Today's generation of the Dollas family inherits a name that was first used by the Scottish tribe known as the Picts
. The first family to use the name Dollas lived in a place named Dallas in Moray, near the royal burgh of Forres. The place name Dallas comes from the Gaelic dail
or "meadow," and fas
or "dwelling." Another source claims "this place takes its name from the two Gaelic words dale, a vale or plain, and uis, contracted from uisge, water." CITATION[CLOSE]
Lewis, Samuel, A Topographical Dictionary of Scotland. Institute of Historical Research, 1848, Print.
Early Origins of the Dollas family
The surname Dollas was first found in Moray. "The first of the family was Willelmus de Rypeley, an Englishman, who obtained a grant or confirmation of the lands of Dolays Mykel from William the Lion. Archebaldus de Doleys appears as juror on an inquisition on the lands of Mefth in 1262." CITATION[CLOSE]
Black, George F., The Surnames of Scotland Their Origin, Meaning and History. New York: New York Public Library, 1946. Print. (ISBN 0-87104-172-3)
Sir William de Doleys, knight, was living in 1286; and in 1367 appears John de Dolais, Thane of Cromdale.
Early History of the Dollas family
This web page shows only a small excerpt of our Dollas research.Another 102 words (7 lines of text) covering the years 1292, 1600, 1756, 1824 and are included under the topic Early Dollas History in all our PDF Extended History products and printed products wherever possible.
Dollas Spelling Variations
Repeated and inaccurate translation of Scottish names from Gaelic to English and back resulted in a wide variety of spelling variations
with single names. Dollas has appeared Dallas, Doleys, Dolas, Dolles, Dulles, Dallass, Dolays, Dalhouse and many more.
Early Notables of the Dollas family (pre 1700)
More information is included under the topic Early Dollas Notables in all our PDF Extended History products
and printed products wherever possible.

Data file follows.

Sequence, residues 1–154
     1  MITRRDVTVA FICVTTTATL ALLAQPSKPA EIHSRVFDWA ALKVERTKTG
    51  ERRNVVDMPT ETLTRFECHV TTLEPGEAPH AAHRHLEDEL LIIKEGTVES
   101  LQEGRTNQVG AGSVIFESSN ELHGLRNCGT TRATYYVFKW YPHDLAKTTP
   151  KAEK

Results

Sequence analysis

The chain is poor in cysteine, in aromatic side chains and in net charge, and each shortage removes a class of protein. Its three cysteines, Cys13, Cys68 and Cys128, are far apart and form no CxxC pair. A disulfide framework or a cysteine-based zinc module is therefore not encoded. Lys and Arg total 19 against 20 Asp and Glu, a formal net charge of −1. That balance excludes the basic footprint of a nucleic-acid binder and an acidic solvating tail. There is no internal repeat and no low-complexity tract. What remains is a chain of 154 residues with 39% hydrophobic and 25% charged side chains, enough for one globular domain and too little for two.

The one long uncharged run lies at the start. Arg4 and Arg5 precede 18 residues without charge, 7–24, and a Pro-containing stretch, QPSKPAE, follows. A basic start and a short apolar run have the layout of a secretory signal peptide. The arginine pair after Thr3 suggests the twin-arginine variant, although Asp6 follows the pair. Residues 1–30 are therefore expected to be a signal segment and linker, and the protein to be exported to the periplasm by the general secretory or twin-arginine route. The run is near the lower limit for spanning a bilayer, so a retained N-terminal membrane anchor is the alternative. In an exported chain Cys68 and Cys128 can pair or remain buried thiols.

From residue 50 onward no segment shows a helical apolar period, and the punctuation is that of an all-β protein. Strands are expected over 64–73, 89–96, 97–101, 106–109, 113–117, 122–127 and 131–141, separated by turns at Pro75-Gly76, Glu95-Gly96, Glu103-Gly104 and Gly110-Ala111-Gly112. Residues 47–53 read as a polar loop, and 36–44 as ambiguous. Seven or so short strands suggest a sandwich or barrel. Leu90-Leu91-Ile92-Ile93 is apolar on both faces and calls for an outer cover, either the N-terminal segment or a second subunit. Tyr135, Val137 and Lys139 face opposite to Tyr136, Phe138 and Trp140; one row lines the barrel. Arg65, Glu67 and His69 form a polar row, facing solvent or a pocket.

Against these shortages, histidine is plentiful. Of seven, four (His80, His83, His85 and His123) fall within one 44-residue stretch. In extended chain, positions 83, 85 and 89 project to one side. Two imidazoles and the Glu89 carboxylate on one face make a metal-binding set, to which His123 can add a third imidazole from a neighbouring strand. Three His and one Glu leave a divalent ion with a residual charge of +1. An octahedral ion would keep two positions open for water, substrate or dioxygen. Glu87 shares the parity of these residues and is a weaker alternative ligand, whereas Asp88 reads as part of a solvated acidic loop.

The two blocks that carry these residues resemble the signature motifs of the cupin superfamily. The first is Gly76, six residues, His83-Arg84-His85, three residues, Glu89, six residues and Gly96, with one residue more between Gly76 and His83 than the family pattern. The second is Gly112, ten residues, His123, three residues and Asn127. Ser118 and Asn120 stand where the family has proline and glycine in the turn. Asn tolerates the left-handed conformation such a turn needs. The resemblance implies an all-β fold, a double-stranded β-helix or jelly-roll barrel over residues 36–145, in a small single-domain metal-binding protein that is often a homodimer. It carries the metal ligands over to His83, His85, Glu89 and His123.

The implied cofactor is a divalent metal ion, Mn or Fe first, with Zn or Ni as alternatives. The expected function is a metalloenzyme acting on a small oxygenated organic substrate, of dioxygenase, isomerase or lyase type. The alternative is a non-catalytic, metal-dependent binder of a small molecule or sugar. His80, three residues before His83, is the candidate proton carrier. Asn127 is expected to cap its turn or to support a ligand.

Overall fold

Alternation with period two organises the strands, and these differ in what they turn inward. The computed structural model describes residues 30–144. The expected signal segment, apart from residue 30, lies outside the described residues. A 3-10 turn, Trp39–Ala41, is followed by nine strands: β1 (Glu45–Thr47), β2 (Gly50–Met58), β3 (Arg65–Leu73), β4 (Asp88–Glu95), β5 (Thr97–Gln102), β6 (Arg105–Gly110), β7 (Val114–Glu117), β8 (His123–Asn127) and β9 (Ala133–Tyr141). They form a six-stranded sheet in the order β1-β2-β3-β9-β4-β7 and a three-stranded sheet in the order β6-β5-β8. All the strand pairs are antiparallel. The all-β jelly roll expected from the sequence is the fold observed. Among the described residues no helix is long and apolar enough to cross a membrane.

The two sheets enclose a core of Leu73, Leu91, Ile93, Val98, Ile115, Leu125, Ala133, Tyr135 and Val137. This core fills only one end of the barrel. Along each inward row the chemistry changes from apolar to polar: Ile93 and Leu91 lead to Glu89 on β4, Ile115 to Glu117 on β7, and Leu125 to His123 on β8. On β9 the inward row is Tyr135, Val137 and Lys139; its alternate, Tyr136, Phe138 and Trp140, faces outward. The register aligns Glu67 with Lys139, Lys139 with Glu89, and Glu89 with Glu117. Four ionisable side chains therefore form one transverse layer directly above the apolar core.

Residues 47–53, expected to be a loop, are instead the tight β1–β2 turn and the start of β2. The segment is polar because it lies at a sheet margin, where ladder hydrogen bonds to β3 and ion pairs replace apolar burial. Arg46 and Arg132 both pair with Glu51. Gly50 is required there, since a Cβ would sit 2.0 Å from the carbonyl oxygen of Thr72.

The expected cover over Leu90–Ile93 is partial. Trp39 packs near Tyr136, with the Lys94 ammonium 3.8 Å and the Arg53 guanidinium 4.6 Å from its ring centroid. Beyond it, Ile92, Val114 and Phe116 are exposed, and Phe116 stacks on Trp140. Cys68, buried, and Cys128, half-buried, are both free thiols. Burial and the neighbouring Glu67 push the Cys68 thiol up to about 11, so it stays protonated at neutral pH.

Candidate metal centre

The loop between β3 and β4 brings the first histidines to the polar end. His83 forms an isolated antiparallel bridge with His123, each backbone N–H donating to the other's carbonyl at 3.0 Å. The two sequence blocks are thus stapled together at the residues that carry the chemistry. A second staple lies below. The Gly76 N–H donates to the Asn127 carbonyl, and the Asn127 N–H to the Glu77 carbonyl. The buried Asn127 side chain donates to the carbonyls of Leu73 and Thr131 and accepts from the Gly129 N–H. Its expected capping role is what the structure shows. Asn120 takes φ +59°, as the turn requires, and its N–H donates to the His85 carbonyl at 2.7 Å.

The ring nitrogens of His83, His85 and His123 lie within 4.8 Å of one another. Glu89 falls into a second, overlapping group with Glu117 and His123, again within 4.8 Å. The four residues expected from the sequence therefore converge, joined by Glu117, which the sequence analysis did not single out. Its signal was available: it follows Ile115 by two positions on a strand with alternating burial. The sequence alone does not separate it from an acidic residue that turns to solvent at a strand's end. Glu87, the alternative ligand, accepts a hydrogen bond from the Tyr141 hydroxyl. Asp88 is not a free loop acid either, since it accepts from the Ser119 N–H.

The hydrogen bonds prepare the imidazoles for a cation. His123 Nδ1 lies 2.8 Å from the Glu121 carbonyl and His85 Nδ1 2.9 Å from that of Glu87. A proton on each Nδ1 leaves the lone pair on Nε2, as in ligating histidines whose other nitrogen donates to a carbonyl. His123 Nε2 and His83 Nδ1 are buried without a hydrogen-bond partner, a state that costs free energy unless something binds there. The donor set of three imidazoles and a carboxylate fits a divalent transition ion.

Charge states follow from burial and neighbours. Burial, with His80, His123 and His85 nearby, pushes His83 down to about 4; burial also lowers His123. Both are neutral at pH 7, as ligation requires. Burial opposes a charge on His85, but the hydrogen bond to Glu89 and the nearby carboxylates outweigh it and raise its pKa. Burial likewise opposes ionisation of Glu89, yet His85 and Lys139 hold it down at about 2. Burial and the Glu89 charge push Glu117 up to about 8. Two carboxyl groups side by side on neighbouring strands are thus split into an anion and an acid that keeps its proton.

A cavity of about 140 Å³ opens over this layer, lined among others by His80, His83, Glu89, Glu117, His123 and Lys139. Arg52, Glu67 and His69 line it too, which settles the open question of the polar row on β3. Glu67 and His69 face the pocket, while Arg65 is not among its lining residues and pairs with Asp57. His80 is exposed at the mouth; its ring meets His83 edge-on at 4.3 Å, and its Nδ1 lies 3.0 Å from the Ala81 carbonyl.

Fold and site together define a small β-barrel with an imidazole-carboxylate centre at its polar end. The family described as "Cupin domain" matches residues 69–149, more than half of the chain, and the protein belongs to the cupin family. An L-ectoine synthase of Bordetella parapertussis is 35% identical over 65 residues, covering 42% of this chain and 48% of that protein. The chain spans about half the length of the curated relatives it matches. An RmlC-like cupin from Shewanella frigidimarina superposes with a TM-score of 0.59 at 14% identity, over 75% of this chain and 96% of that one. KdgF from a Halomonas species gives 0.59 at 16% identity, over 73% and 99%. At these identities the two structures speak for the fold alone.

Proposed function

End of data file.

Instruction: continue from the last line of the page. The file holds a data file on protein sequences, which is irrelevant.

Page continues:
Migration of the Dollas family to Ireland
Some of the Dollas family moved to Ireland
, but this topic is not covered in this excerpt.Another 73 words (5 lines of text) about their life in Ireland is included in all our PDF Extended History products and printed products wherever possible.
Migration of the Dollas family to the New World and Oceana
Many Scottish families suffered enormous hardships and were compelled to leave their country of birth. They traveled to Ireland
, but mostly to the colonies of North America, where many found the freedom and opportunity they sought. It was not without a fight, though, as many were forced to stand up and defend their freedom in the American War of Independence
. The ancestors of these Scots abroad have rediscovered their heritage in the last century through the Clan
societies and other organizations that have sprung up across North America. Immigration and passenger ship lists show some important early immigrants bearing the name Dollas:
Dollas Settlers in United States in the 18th Century
- Duncan Dollas, who settled in Georgia in 1737
Dollas Settlers in United States in the 19th Century
- Robert Dollas, who settled in Philadelphia in 1830
Contemporary Notables of the name Dollas (post 1700)
- Robert H. Dollas (b. 1965), Canadian former professional NHL ice hockey player from Montreal, Quebec; he played from 1983 to 2006
The Dollas Motto
The motto was originally a war cry or slogan. Mottoes first began to be shown with arms in the 14th and 15th centuries, but were not in general use until the 17th century. Thus the oldest coats of arms generally do not include a motto. Mottoes seldom form part of the grant of arms: Under most heraldic authorities, a motto is an optional component of the coat of arms, and can be added to or changed at will; many families have chosen not to display a motto.
Motto: Semper paratus
Motto Translation: Always prepared.
Dollas Family Crest Products
- ^ Lewis, Samuel, A Topographical Dictionary of Scotland. Institute of Historical Research, 1848, Print.
- ^ Black, George F., The Surnames of Scotland Their Origin, Meaning and History. New York: New York Public Library, 1946. Print. (ISBN 0-87104-172-3)